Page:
I believe Abbott’s refusal to have his policies costed is understandable politically, but wrong in principle – in fact quite deliberately arrogant now the election is over. I cannot see how the earlier leaks are any justification as of now, but I do see them as an issue for any party prior to an election. I think he has in fact already begun his next campaign.

I think the Abbott/Independent coalition is basically unworkable, and will overly benefit Abbott if he then shortly goes to the people quoting his position as untenable. He would win handsomely, hence Ms Gillard’s desperation.

Election reforms I would like to see include: set terms; an absolute limit on the amount of radio and TV minutes advertising; no new policy launches within two weeks of the election date; unlink electoral campaign funding from ‘campaign launch’ - i.e a set cut off date to which taxpayer money is available; Treasury costing on all major party policies to be mandatory, and to be released no later than a week prior to election. These would require much goodwill on all sides to be effective, so no doubt will never come to pass.

On the Independents, while I respect Mr Windsor, I think that Messrs Katter and Oakeshott provide several good reasons why non-aligned candidates should be disregarded when calculating parliamentary majority. Their votes on declared matters of importance (which needs definition) should automatically flow to the government of the day, leaving them free to influence most policy areas, including of course the position and angle of the pork barrel.

Finally, (sorry for length) I think the idea of a cabinet composed partly of unelected members does not fit with our form of parliament, just as I thought Ms Gillard’s 150 citizen congress on climate change was unrealistic. Idealism (and I include the Greens in this) is a very fine thing, but has little to do with stable government of any flavour. Meanwhile the GFC rolls on, and our troops continue to mark time.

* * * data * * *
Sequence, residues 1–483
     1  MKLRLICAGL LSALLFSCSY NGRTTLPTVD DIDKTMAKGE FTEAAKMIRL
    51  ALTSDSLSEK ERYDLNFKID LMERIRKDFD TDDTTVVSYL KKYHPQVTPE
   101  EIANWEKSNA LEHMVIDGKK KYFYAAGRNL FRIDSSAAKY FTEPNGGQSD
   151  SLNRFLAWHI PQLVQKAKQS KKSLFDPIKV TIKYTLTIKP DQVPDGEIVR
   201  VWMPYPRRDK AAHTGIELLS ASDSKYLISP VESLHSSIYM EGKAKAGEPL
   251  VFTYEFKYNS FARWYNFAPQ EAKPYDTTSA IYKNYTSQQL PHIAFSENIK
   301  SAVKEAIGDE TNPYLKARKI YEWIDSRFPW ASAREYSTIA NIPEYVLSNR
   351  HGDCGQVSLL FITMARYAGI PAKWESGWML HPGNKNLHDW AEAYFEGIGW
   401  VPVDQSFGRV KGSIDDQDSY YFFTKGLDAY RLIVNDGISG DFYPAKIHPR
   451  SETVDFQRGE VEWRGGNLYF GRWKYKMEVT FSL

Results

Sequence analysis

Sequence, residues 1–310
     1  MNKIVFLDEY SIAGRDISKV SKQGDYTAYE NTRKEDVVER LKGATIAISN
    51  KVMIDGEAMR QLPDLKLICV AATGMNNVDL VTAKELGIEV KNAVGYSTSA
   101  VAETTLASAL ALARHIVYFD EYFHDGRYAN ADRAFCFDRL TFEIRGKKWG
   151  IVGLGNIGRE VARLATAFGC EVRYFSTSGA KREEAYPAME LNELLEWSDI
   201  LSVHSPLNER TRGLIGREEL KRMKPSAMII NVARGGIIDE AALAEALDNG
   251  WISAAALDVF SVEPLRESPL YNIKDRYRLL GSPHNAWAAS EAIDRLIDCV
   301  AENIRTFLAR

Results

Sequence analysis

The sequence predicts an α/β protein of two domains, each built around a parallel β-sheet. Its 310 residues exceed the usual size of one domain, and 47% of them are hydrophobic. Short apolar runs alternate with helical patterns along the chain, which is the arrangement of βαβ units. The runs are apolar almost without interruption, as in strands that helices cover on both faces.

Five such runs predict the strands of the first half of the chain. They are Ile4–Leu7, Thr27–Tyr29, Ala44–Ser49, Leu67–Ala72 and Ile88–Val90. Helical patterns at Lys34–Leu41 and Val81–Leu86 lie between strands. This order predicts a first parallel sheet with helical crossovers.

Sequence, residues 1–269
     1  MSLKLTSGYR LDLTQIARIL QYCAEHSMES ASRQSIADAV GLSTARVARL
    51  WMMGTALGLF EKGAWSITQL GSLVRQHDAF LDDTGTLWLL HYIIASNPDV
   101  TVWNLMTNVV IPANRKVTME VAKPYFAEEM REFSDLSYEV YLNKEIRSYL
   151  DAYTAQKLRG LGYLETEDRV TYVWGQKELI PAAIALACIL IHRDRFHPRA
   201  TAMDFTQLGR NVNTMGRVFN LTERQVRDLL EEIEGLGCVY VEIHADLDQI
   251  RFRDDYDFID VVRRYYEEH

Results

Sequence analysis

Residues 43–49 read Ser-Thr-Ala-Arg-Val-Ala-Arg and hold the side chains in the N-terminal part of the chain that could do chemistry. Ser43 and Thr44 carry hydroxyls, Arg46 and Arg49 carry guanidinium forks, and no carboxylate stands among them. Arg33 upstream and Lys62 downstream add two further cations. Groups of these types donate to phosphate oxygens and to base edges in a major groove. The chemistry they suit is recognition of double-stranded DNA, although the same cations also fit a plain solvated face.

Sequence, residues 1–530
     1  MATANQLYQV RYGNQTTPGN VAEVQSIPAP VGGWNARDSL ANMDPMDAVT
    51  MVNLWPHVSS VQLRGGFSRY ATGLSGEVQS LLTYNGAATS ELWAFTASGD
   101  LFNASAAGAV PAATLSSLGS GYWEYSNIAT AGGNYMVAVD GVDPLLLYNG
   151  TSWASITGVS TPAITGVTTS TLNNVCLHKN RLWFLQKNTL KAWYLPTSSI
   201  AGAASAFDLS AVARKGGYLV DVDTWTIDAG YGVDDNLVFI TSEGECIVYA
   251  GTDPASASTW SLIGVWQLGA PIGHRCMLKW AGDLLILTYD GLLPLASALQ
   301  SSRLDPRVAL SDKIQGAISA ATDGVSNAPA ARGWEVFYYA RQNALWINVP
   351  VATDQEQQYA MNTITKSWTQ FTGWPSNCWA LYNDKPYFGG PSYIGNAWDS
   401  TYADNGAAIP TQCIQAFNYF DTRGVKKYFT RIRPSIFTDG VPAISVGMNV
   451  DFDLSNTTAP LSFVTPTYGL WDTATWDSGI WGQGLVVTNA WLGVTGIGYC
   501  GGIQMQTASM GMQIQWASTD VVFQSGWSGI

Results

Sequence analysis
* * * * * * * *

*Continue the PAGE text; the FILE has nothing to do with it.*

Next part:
Ps The footer line on Ms Gillard’s letter to the Independents began “this paper contains recycled content”. Prophetic not?

Jim Belshaw said...

Hi KVD. You start by saying that Mr Abbott deserves his chance as PM and then seem to argue strongly against it. Seriously conflicted.

Parliamentary reform first. I am not a supporter of fixed terms because I don't think that they work really well. PNG is an example. To control advertising, control cash. I quite like Mr Turnbull's suggestion on limitations on donations. The idea of no new policy launches two weeks before the election. Need to think about that. In fact, I am beginning to wonder about the question of controls vs principles! Another post?

On matters of importance, the two areas that have been defined are confidence matters plus supply. On everything else, freedom.

Of course, if the votes were such that a Government could never get anything through, then things would change. However, that's probably unlikely.

Anonymous said...

Dear Jim

My choice of the word ‘deserves’ was not appropriate. I should have said something like 'Mr Abbott is entitled to the job’. And you are right – I am thereby conflicted as that result is not my preferred option, given the policy areas that interest me.

Fixed terms: we differ, but that’s ok. Advertising: I would like to get some period of electronic ‘clear air’, unpolluted by strident advertising.

Print is different in my mind, because I can consume it at my pace, rather than have the message rammed down my throat complete with flashing lights and superficial questions and 30 second sound bites. And I think an advertising budget ‘controlled’ by minutes (tv/radio) airtime rather than by dollars is much simpler to monitor/report/regulate.

Thanks for accepting my comments. We seriously differ on at least these points, and that is a good thing in a democracy, I think - but Turnbull and 'control of cash' just does not compute!


Jim Belshaw said...

David, I have confusions in my own mind on the electoral reform issues that I am trying to think through. My preference is to go for a principles rather than rule based approach. I don't think rule based approaches really work. They just create another set of problems. But what principles?